Page last updated at 16:43 GMT, Tuesday, 2 February 2010

Sri Lanka court extends President Rajapaksa's tenure

President Rajapaksa
Mr Rajapaksa is firmly in power once more

Sri Lanka's Supreme Court has ruled that President Mahinda Rajapaksa's new term will begin in November, giving him almost another year in power.

The president had asked for his second term to begin in November 2011, but this was not accepted by the court.

Mr Rajapaksa called elections two years early following the defeat last year of Tamil Tiger separatists.

The court decision means he could remain in office until 2016. He became president in November 2005.


In elections last week, the president won 57.8% of votes, compared with 40% for his main rival Gen Sarath Fonseka.

Gen Fonseka was army chief when troops defeated the separatists rebels but he and the president later fell out over who should take credit for winning the war.

"The Supreme Court says the new term begins on 19 November this year," an official in the president's office told the AFP news agency.

Correspondents say the court ruling is a boost for Mr Rajapaksa, even though he wanted his new term of office to start a year later.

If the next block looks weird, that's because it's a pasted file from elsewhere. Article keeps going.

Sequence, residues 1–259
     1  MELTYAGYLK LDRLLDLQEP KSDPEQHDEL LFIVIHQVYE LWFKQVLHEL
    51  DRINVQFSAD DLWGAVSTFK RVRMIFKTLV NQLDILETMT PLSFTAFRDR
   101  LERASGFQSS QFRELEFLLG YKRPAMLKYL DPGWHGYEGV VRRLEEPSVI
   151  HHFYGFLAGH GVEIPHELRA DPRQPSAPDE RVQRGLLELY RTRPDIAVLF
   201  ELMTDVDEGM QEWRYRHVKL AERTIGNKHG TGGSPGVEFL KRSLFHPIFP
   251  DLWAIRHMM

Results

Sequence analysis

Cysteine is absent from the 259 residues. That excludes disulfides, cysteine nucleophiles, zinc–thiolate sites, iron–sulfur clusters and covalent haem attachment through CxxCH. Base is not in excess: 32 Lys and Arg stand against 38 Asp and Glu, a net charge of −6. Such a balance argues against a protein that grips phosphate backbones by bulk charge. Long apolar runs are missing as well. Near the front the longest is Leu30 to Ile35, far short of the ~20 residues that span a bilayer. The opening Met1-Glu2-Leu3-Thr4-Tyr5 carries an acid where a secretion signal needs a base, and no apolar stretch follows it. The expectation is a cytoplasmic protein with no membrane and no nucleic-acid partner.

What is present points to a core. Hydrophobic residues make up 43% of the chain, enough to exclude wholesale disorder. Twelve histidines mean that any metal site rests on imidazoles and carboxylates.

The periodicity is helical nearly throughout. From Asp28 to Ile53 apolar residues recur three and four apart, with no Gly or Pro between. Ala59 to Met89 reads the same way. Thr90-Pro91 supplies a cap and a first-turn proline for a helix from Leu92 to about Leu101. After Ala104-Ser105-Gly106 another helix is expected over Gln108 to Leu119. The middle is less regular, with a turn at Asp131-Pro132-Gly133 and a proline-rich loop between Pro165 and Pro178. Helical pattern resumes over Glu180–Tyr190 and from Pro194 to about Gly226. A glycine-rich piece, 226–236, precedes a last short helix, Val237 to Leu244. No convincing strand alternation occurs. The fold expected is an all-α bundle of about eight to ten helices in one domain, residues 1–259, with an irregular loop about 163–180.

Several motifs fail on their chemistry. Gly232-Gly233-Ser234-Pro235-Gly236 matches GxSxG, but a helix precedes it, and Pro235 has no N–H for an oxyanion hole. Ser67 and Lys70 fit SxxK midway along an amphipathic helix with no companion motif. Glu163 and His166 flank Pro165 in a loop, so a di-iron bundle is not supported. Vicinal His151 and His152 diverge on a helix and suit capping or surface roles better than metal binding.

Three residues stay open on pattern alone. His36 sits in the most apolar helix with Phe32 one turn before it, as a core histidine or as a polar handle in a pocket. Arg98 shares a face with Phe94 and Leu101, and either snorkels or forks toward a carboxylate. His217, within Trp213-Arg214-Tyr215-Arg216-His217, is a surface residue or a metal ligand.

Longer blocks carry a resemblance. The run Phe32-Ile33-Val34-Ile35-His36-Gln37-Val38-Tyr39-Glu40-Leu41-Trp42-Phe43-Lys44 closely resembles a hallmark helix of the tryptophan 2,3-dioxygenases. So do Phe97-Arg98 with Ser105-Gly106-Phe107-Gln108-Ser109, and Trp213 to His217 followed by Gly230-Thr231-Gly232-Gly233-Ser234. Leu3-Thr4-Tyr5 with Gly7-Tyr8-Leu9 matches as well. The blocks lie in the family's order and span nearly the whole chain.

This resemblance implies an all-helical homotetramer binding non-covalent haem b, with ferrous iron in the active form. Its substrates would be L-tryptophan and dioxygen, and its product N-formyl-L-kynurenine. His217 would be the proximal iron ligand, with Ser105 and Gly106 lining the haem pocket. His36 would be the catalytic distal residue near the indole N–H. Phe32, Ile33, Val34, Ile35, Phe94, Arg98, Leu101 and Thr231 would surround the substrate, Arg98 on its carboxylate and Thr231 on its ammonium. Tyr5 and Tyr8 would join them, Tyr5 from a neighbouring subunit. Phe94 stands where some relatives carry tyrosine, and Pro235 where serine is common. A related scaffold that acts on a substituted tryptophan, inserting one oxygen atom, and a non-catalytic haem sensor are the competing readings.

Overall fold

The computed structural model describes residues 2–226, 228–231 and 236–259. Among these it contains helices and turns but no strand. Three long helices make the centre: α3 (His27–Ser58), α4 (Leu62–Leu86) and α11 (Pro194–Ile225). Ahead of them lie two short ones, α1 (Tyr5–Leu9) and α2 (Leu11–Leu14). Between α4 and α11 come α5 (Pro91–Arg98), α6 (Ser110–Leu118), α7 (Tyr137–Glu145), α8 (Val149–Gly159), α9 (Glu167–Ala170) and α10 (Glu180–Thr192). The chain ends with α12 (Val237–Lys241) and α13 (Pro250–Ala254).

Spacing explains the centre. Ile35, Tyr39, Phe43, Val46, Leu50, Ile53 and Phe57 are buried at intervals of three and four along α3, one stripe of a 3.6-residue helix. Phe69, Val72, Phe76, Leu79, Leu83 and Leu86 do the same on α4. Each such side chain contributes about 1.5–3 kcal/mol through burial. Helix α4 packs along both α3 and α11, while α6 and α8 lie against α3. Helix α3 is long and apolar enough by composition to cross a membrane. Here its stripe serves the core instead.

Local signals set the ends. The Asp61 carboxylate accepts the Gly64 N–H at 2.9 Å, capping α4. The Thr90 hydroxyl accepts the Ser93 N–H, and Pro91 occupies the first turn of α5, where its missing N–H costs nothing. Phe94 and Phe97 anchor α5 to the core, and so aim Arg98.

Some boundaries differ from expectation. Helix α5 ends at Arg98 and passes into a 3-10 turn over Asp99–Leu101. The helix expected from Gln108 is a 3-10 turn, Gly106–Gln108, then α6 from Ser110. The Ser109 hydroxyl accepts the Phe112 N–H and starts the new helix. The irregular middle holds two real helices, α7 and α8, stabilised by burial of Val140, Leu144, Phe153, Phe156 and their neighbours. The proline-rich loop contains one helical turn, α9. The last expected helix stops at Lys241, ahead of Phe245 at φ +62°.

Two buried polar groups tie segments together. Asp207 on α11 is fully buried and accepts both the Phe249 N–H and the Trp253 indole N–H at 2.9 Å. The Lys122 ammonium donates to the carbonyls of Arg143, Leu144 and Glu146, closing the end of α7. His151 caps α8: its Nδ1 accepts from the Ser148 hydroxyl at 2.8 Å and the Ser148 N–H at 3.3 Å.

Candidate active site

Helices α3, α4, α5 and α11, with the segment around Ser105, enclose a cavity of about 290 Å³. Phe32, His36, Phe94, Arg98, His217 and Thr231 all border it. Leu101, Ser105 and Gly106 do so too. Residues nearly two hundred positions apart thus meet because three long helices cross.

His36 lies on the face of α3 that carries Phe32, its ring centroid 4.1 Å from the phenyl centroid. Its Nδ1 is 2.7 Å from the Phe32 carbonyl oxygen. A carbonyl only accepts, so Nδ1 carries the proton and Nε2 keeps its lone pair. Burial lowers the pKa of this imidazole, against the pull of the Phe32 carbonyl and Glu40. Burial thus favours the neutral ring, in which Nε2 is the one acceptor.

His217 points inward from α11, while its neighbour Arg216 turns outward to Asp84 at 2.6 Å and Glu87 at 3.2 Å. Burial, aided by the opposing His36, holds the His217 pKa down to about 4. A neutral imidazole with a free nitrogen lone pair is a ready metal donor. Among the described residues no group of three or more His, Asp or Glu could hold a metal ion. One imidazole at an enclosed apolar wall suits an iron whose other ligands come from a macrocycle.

But the decision will anger and dismay opposition supporters. They are due to stage a rally against the election, which they say was not free or fair, in Colombo on Wednesday.

Mr Rajapaksa's move is not the first such attempt by a Sri Lankan leader.

Former president Chandrika Kumaratunga also tried to extend her term in office on similar grounds in 1999.

The court rejected her request partly because she had already taken the oath of office for the new presidential term.

'Critics harassed'

Meanwhile, Amnesty International released a statement saying journalists, opposition supporters and critics of the government have been arrested and harassed since the election.

"Victory against the Tamil Tigers followed by an historic election should have ended political repression in Sri Lanka, but instead we have seen a serious clampdown on freedom of expression," Madhu Malhotra, Amnesty's Asia-Pacific deputy director said.

Latest reports say an opposition politician in the south has died of injuries sustained in the election campaign, which was marred by violence.

The opposition says the man, Chandradasa Naiduwadu, was attacked by supporters of the president. There has been no word from the authorities.

On Monday a group of senior military officers who supported the Fonseka campaign were dismissed because they were deemed a "threat to national security".

And US-based rights group Human Rights Watch said Sri Lanka should end the indefinite detention of some 11,000 people in custody suspected of having links to Tamil Tiger rebels.

More than 70,000 people died in 26 years of civil war as Sri Lankan troops battled Tamil Tiger rebels fighting for a separate homeland in the north and east for the country's Tamil minority.

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